Aziwok vs Aziwake: Delhi High Court Grants Interim Injunction in Light of Rival Marks Being Closely Similar for Azithromycin

Aziwok vs Aziwake: Delhi High Court Grants Interim Injunction in Light of Rival Marks Being Closely Similar for AzithromycinOn November 16, 2023, in the matter of Dr Reddys Laboratories Limited vs Smart Laboratories Pvt Ltd. CS(COMM) 744/2023, the Delhi High Court granted an interim injunction order in favour of Dr. Reddy’s Laboratories, restraining the use of Smart Laboratories’ mark AZIWAKE, in light of it being infringing of the former’s prior registered mark AZIWOK.

As far as the factual matrix goes, the plaintiff claimed that the trademark AZIWOK was initially registered in favour of Wockhardt Ltd. with effect from December 30, 1994, after which this registration was assigned to the plaintiff vide Assignment Deed dated June 9, 2020. Under the name AZIWOK, the plaintiff has been selling azithromycin in various strengths, and the plaintiff further asserted the mark has been in use by Wockhardt since 1994, i.e., continuously since the time of its registration, and thereafter also placed evidence of such use at least since 2003 on record. In the third week of August 2023, the plaintiff learned about the defendant’s use of the mark AZIWAKE, also for azithromycin formulations and that the defendant had applied for its registration on a ‘proposed to be used’ basis on April 14, 2022.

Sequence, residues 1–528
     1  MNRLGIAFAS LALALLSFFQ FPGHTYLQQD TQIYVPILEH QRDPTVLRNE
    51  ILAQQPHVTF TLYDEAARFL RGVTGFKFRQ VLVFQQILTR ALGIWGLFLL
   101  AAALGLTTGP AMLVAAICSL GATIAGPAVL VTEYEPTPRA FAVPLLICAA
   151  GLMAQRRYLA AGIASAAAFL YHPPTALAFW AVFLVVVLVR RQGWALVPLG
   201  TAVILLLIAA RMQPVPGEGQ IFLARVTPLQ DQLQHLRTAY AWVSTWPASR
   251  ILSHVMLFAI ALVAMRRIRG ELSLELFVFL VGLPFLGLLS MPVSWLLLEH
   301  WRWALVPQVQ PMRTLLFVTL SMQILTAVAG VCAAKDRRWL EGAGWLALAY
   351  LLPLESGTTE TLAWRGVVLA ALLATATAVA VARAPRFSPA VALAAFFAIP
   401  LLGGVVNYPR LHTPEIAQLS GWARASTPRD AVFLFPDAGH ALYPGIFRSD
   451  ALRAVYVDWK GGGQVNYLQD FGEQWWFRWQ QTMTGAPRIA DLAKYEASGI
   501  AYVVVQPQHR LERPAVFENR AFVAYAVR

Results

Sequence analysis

Thereafter, the plaintiff instituted the present suit before this Court, alleging that the brand name AZIWAKE was deceptively similar to its registered trademark AZIWOK, both marks being used for azithromycin, due to which there was every chance of likelihood of confusion as well as the likelihood of association between the two marks in the mind of a consumer of average intelligence and imperfect recollection, and sought a decree of permanent injunction, restraining the defendant from using, in any manner, the infringing mark AZIWAKE.

The defendant first raised a preliminary objection as to the maintainability of the present suit without exhausting the channel of pre-institution mediation envisaged under Section 12A(1) of the Commercial Courts Act, 2015. The defendant contended that it had applied for registration of the mark AZIWAKE on April 14, 2022; however, the plaintiff, without even issuing any cease and desist notice to the defendant, had instituted the present suit belatedly and thus, relying on the judgment of Patil Automation (P) Ltd vs Rakheja Engineers (P) Ltd., it contended that the plaintiff should not be granted exemption from the requirement of the pre-institution mediation.